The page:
• No, they're not putting water in.

  • Gentle Piddling is a village isn't it?

  • It's in the Cotswolds.

  • You're thinking of Much-Piddling-on-the-Wold, there.

  • They let some out? They let some water out with a tap or something like that.

  • Yes, a spigot.

  • [DING] Ooh! What else!

  • And did they have a tube from the bottom of one, to the bottom of the other? So it auto levelled.

  • No. That's the British system that comes later. So I'll give you a point [DING].

  • But, that's not how they synchronised between two far away hills.

  • Men yelling?

  • Mobile phones?

  • No, it can't be something else, because the water is the communication method.

  • Or is that storing the message?

  • Hang on, we never actually established that this water is any method of communication.

  • At the minute we just have two towers that let some water out occasionally.

  • Yeah, and there's things inscribed on little bowls.

  • - OK. - Where the water comes out.

  • So how do you get both sides to time when they're taking the plug out and putting it back in again?

  • Lights?

  • Mmm, fourth century BC?

  • Candles?

  • I mean it's a big candle.

  • Fire! Bonfire!

  • There we go. [DING]

  • - 'Cos that's the way they used to communicate anyway. - Big candle.

  • Big candle! Bonfire.

  • "Big candle!"

  • Why the water? They lit fires anyway.

  • Because a bonfire can only send one signal.

  • "I'm on fire!"

  • "By, it's warm out t'day!"

  • It can send two signals.

  • "I'm not on fire."

  • - That's true. - On and off.

  • Yeah, well that's how they did it. [DING]

  • Binary.

  • Unplug. Off. Put it back in. What's the message? You both read down your bowls.

  • Bowl says "I'm on fire!"

  • Must be a big bowl.

  • They said an earthenware bowl. The depth being some three cubits.

  • What the hell is a cubit?

  • -- It's about there... -- There to there, innit?

  • Oh! Yes, absolutely. Have a point. [DING] I was going to look up 'cubit definition' there, but that's roughly right.

  • - Has he got two dancing cubits? - Those are my cubits, baby!

  • Oh God!

  • So yeah, about... yea big. and presumably draining quite slowly so they can synchronise...

  • "Please send chips", or whatever... the Greek equivalent of that is.

  • Pita!

  • Yeah.

  • Half way down, one of them is just that laughing and crying emoji.

  • Drama!

  • "LOL."

  • Smiling poo.

  • It's halfway between ROFL and LOL. I don't know where we stand on this?

  • ROL.

  • He's sitting on the floor, rocking back and forth a bit.

  • No, its not that, it's like anything where you use LOL

  • You see it reach LOL on the watermark, you look over, he's just sat there, doing that.

  • - Slight intake of breath. - You just see...

  • I don't know why I had this ancient Greek man looking at his phone.

  • Cause that's what they used to communicate, I just said!

  • LOL has fallen out of fashion now though. It is just emojis now.

  • People don't type LOL as much.

  • The amount... it's one of those kind of things, isn't it,

  • where people who aren't used to emojis yet, keep using the laughing and crying one.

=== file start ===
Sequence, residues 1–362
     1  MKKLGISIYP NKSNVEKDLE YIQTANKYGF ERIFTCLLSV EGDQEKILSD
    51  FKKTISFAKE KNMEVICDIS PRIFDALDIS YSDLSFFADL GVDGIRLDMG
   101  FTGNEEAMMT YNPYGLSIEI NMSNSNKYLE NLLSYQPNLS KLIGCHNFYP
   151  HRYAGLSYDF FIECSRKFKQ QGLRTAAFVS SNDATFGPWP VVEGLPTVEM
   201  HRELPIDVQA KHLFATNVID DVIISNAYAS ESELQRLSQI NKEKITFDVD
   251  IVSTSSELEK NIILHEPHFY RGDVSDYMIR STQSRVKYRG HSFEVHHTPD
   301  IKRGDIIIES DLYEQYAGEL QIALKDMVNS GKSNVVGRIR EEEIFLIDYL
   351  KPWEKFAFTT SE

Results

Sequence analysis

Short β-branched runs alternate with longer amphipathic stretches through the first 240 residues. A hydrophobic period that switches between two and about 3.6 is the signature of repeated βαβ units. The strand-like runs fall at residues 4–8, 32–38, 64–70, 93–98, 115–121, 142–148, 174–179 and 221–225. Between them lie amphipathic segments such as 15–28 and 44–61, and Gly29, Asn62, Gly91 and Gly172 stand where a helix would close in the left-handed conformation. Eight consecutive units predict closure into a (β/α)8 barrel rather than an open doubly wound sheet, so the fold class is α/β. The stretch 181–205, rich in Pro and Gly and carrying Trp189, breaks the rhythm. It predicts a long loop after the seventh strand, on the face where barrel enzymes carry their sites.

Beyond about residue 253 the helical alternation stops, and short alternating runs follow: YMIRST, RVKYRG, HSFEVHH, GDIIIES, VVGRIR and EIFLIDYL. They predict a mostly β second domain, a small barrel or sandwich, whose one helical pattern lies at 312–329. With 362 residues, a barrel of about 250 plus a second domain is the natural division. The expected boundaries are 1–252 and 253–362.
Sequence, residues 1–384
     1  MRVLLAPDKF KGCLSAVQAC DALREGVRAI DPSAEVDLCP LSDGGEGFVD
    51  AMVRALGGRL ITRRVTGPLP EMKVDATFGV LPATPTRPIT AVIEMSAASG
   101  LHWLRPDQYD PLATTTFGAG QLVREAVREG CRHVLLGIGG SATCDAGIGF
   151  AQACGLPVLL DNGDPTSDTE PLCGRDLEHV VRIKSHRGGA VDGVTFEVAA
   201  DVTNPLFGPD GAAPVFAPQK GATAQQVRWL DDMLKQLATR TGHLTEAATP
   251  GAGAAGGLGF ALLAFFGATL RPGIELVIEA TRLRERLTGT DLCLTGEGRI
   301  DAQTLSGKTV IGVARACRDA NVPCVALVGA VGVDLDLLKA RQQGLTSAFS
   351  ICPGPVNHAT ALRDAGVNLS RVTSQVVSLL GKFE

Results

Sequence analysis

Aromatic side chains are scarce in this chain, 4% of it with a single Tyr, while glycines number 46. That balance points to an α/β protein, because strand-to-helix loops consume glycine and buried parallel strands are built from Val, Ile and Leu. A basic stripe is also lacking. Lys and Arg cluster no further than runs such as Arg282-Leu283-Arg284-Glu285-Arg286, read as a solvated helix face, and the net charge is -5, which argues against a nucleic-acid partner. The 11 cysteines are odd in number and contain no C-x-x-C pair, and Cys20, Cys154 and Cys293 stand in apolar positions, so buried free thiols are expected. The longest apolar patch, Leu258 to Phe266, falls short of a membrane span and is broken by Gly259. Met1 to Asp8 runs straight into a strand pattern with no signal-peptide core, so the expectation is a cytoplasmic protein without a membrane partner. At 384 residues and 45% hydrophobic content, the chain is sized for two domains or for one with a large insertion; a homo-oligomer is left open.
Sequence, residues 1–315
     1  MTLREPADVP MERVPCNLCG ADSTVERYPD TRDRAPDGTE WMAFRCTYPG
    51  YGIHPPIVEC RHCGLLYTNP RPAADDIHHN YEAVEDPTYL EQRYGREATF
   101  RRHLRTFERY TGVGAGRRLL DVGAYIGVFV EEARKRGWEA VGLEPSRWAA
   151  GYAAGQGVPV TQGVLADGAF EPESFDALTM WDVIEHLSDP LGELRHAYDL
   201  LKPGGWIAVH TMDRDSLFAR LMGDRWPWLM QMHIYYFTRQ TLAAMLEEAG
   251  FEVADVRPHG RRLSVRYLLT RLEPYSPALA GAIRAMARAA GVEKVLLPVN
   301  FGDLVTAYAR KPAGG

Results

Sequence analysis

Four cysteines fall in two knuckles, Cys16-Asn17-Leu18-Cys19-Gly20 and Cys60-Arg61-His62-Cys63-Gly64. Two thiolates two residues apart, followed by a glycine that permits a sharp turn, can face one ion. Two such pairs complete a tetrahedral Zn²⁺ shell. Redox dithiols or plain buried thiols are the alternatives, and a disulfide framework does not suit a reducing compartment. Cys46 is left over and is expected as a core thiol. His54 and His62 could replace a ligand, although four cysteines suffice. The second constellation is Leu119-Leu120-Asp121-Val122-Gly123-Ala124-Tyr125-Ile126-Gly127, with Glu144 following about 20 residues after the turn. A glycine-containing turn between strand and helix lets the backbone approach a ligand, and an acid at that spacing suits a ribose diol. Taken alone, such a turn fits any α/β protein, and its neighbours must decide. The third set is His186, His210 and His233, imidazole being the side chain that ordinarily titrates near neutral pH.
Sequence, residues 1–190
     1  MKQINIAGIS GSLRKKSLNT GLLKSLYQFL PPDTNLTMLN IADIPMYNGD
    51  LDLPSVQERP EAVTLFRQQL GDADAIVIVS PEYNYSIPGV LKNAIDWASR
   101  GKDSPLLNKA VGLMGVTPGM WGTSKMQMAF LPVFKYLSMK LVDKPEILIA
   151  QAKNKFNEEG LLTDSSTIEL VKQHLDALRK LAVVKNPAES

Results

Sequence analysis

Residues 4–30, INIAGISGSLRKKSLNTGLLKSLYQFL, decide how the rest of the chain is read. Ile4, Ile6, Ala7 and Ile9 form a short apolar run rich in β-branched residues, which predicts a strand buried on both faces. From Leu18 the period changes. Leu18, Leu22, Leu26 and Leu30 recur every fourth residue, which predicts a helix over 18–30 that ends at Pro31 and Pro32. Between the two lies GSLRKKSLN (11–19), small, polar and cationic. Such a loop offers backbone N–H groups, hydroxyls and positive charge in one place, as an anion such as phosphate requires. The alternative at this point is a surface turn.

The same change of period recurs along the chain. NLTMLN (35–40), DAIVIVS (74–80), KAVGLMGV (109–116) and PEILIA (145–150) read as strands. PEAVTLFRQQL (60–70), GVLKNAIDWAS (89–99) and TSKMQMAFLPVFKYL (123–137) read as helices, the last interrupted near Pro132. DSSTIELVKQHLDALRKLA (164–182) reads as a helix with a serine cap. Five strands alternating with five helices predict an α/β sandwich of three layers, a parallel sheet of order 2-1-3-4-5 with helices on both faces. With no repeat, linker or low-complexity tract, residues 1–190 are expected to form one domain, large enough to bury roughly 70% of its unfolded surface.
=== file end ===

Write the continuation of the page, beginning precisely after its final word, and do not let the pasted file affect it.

• - For actual crying. - Yeah!

  • Which changes the tone of a message, like

  • "I'm sorry to hear your aunt's died."

  • And then have the crying with laughter emoji on it.

  • Well, it's like the parents who thought LOL meant lots of love.

  • Yes! That happened. Yeah, yeah, yeah.

  • "Sorry to hear you broke your ankle, LOL."

  • But...

  • That's like MSN messenger was.

  • Remember MSN Messenger, everybody?

  • No they don't! Some of them are too young for it!

  • It was like Facebook messenger...only s***er.

  • You would wait all night for your friend to appear, and they may not.

  • So there was an idea.

  • As I think you said, British 19th century.

  • Yes.

  • For two connected tubes.

  • Tu-u-bes! ♫

  • I don't know why I said it like that

  • Tubes. ♫

  • Um, and the idea was, you would put in water or take out water and it would synchronise at the other side.

  • What were some of the problems with that system?

  • Putting the tube in, in the first place?

  • I'll give you a point. [DING] It was £200 a mile. Which in 1838 money, is a lot of money.

  • Compared to just sending a messenger.

  • They would have to be made out of copper or something expensive.

  • - Oh yeah. - Rather than just PVC tube from Wickes.

  • Yeah.

  • - That's a hardware store. - Cast iron was often used for hydraulic tubes.

  • 'Cos they could take the pressure.

  • What distance are we talking? Are we talking like over a dock, or over London?

  • Cause London was basically hydraulically powered up until the 1920s.

  • Oh that's true.

  • London had a big hydraulic power system.

  • So, if it's over London...

  • You should explain how that works.

  • Well you just had big accumulators. So big towers would be used to store the pressure.

  • And it would be used for moving lifts, for goods lifts, for cranes.

  • It would be powered off a central hydraulic power system.

  • - Cool. - With pipes all over London.

  • And they're still... I think they're used as cable runs now.

  • Under London. It was a huge London wide system. Especially using the docks, with dock gates,

  • and cranes and lifts and other things that need... powering left and hither and yon.

  • Like dumb waiters in hotels.

  • So they just have a massive water tank at the centre of the system, that created...

  • Well several tanks, yeah.

  • ...created the pressure. That gets pumped through.

  • And you can use some pressure if you wanted?

  • Yeah!

  • For the love of God, will somebody Biscuits that man!

  • ♫[MYSTERY BISCUITS]♫

  • That's fair. That's fair, thank you for reminding me to Biscuit that.

  • First Biscuits of the season.

  • Yes, that was part of the problem.

  • The inventor was a Mr. Francis Whishaw.